Five Year Reflection


Five Year reflection

It has been five years this month since I was brutally attacked and nearly strangled to death by my then boyfriend. And I was not going to write a post about it, because life has moved so far past that event.  But there are many women who experience violence at the hands of the man they loved and trusted, so this is what I have learned having been through it and survived.  These are things I wish someone had told me:

  • It is not your fault: No matter what you did, what you said, how you were dressed or how long you stayed, it is not your fault. You did nothing to provoke him or deserve being hit be the man you loved and trusted. That is on him. He is an adult and he is responsible for his actions. Not you.  Even when he blames you and says it is your fault, it’s not.   And no matter how many other people say it’s your fault, it’s not (we’ll get to that later). Remember that.
  • Get Counseling: I did.  You will need a safe space to talk to, beyond family and friends.  Being attacked will affect you in many ways. Taking care of yourself during this time is very important.  You may have PTSD, you may have nightmares, you may have flashbacks, you may have panic attacks, you may feel angry, depressed or like you are going crazy. You are not going crazy.  But seeing a counselor will help you get through this experience as quickly as possible. If you have trouble sleeping, see about getting on Ambien or similar. If you are getting depressed, ask about being temporarily put on an antidepressant.  It’s all about you and making sure you are OK.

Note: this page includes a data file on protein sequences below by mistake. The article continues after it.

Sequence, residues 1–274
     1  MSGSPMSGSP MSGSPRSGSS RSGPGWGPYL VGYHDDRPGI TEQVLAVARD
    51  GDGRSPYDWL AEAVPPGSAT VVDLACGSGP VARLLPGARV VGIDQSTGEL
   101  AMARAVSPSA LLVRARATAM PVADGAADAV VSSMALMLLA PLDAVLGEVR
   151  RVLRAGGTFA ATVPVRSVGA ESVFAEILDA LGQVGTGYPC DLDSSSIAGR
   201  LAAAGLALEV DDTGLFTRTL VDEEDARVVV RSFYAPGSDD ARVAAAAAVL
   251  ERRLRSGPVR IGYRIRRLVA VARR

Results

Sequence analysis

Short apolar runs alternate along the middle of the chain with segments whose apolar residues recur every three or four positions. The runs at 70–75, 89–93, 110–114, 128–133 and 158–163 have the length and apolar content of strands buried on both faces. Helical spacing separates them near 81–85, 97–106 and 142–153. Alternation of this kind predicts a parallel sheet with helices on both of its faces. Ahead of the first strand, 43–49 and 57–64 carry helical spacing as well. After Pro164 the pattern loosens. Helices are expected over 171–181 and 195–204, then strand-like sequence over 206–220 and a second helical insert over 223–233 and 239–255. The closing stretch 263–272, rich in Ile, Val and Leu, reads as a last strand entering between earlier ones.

• This isn’t the first time: If he or anyone else says that this is the first time he hit a woman or was violent – it’s not. Do not believe them. This is not the first time. You are not the first woman. And, you will probably not be the last either.
  • It is not personal: It is extremely personal to you, but not to him.  You were just there. But no matter if it was you, or Sally down the street, he would have done it to whoever he was with. It just happened to be you. This time. Abuse is about control and power.  It is not because you did anything wrong, it is not because he was angry, it is not because he had a bad childhood and no one understands him. It is not because of anything other than power and control.
  • Verbal before physical: Before he will ever hit you, he will be verbally abusive. This may be obvious like yelling at you or calling you names.  Or, most times, it starts out very subtle and before you know it, you just feel bad about yourself, but may not be able to put your finger on it.  You just feel stupid all the time…especially when you are around him.  Many times the emotional abuse goes deeper and is worse.  Because when you have a bruise you can point to it and say he hurt me…but when it’s emotional…what can you say?  He hurt my feelings?  He made me cry?  Many times we are told we are too sensitive or are being trivial, over reacting or suffering PMS…You are not.  You have been wounded.